Traditional Tent Making and Design Principles

Setting up a tent for a funeral in Alexandria, Egypt (Photo Marika Snider 2010)

Lesson Summary

This lesson will introduce students to traditional tent making in Egypt. Students will learn how to analyze the principles of art and design found in Egyptian tent panels through diagramming. Students will compare tent making in Egypt with tents in other parts of the world.

Required Supplies / Preparation

All lesson necessary lesson material is included through links. Links to optional access to feature length film on Kanopy (often free through libraries) and book for purchase.

Activity 1: blank paper and colored pencils, crayons, or markers

Activity 2: Print off images from links, markers or colored pencils. Advanced students may prefer to use Photoshop or InDesign.

Questions: paper or word processor (MS Word, GoogleDocs)

Objectives

  1. Integrate visual information (e.g., in charts, graphs, photographs, videos, or maps) with other information in print and digital texts.
  2. Integrate and evaluate multiple sources of information presented in diverse formats and media (e.g., quantitative data, video, multimedia) in order to address a question or solve a problem.
  3. Understand historical and cultural context for tent makers in Egypt.
  4. Compare how tent designs vary in differing parts of the world.
  5. Recognize the elements of design in tent textiles.
Color panels used on modern apartment balconies in Egypt (Photo Marika Snider 2007)

Resources

Select one of the following to learn about Tent Makers in Cairo:

  1. Narrated slide show (00:14:16) https://drive.google.com/file/d/1CkUGrawExdi6u1kRp5SVBR5gE6nGyZ8G/view
  2. Watch the film (01:38:29) https://www.kanopy.com/product/tentmakers-cairo-0 Many libraries offer free access to Kanopy.
  3. Read the book El Rashidi, Seif, and Sam Bowker. 2018. The tentmakers of Cairo: Egypt’s medieval and modern appliqué craft. https://www.amazon.com/Tentmakers-Cairo-Egypts-Medieval-Appliqu%C3%A9
Set set up on a small street in Alexandria, Egypt for a special event (Photo Marika Snider 2007)

Egypt is one of many cultures which make tents as an art form. Read one or more of the following articles about tent making in another part of the world. Describe how they are similar and different.

  1. Sustainability and Modern Gers in Ulaanbaatar https://www.npr.org/sections/goatsandsoda/2018/03/04/589271101/to-fight-pollution-hes-reinventing-the-mongolian-tent
  2. The Art of Tent Bands in Central Asia https://www.rferl.org/a/1075865.html#:~:text=Both%20are%20an%20integral%20part,arid%20steppes%20of%20Central%20Asia.
  3. Overview of Types of Tents Around the World https://kamui-outdoor.com/traditional-tents/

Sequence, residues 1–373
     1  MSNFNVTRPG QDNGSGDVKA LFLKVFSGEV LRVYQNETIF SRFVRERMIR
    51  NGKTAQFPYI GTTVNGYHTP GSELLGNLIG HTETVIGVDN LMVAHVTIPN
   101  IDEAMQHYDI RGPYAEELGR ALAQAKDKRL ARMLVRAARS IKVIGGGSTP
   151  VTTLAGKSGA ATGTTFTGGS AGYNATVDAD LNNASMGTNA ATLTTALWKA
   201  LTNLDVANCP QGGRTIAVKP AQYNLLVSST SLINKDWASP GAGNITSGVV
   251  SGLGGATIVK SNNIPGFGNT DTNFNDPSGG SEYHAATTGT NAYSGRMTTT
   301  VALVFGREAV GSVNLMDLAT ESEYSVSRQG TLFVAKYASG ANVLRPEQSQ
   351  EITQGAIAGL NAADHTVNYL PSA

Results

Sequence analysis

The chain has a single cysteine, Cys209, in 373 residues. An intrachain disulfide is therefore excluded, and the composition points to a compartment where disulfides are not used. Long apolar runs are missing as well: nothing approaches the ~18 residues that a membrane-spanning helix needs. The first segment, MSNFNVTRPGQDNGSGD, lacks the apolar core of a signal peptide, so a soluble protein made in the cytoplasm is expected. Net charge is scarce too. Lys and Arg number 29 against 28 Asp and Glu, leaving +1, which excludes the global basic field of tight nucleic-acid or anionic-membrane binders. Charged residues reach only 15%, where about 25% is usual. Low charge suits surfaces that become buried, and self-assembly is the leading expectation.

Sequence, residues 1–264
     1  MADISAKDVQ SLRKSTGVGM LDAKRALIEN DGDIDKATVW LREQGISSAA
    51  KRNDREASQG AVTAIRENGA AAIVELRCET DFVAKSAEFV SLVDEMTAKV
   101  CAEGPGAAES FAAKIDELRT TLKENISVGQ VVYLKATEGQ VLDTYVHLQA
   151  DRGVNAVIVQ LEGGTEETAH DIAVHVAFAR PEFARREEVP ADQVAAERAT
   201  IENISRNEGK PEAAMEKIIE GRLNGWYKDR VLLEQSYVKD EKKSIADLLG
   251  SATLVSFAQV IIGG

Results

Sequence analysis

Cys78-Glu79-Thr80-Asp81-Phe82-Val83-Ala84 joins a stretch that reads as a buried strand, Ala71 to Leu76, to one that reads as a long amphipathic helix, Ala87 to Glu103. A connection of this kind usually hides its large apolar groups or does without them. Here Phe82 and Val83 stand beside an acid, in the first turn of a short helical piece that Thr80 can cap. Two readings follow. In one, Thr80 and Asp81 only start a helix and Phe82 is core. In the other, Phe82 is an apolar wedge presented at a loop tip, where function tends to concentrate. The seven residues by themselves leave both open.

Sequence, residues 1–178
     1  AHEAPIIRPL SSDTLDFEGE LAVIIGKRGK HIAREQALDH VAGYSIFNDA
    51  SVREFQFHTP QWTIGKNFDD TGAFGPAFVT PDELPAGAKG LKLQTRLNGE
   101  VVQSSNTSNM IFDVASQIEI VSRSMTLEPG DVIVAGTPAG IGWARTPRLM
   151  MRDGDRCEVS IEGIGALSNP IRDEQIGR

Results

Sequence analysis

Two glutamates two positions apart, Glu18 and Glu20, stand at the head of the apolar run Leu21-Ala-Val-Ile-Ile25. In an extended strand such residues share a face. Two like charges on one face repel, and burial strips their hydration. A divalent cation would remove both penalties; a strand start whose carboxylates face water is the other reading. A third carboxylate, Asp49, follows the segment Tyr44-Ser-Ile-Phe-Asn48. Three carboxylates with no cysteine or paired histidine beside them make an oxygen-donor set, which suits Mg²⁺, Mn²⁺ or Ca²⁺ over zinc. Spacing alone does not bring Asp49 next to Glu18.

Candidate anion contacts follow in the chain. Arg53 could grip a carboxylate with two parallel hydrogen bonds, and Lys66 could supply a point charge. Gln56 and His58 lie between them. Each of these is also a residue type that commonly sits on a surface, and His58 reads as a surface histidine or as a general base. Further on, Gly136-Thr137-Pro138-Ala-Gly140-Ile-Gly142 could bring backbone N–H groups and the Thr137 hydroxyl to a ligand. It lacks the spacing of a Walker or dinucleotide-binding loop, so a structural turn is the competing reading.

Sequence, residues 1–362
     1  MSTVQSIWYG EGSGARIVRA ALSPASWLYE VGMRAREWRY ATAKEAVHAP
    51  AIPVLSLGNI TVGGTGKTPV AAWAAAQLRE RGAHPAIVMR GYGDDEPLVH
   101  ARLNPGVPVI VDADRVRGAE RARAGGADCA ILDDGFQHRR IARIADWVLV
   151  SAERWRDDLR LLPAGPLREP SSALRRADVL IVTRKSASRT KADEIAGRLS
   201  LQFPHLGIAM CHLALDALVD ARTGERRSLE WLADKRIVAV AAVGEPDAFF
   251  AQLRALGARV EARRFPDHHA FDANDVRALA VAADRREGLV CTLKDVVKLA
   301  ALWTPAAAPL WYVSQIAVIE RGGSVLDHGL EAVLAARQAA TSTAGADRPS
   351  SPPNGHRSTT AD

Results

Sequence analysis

4. Tibetan Nomadic Tents https://www.tibettravel.org/tibetan-people/tibetan-nomadic-tents.html
  5. Blackfoot tipis https://www.thevintagenews.com/2016/07/18/native-american-tipi-2/
  6. Nenet, Komi and Khanty Reindeer Skin Tents (00:25:04) WARNING – some content may not be suitable for all viewers – some scenes of processing reindeer carcasses https://www.youtube.com/watch?v=Xi80xrE3MkI
Traditional Bedouin Tents in Wadi Rum, Jordan (Photo Marika Snider 2014)

Activities

Select one or more of the following activities

  1. Drawing for younger students: draw and color your own tent panel design. Use one of the fabric designs in the slide show/film/book for inspiration. Fill the entire sheet of paper.
  2. Drawing and analysis for older students: select three or more tent panels and print off images of the patterns http://islamicartsmagazine.com/magazine/view/khayamiya_khedival_to_contemporary_the_tentmakers_of_cairo/.
    1. Examine the ways the patterns are similar and different.
    2. What colors do they use? Are they similar or contrasting? Are there many colors or only a few?
    3. Are they symmetrical? If so, are they symmetrical horizontally, vertically, diagonally, or all?
    4. What shapes are used?
    5. How does the design use lines?
    6. What is the scale of the elements? Large? Small? Some large elements with many smaller elements?
    7. Do the designs create a texture? If so, describe it.
    8. Is there hierarchy within the design? Is one element bigger, brighter, or given the most important position in the design?
    9. How is repetition used?
    10. Label the design elements on the print outs of the tent panel design. Elements of design an art may include: Line, Shape, Form, Color, Space, Texture, Value, Light, Shadow, Balance, Emphasis, Symmetry, Movement, Pattern, Repetition, Proportion, Rhythm, Variety, Unity. Not all elements will be found in every example.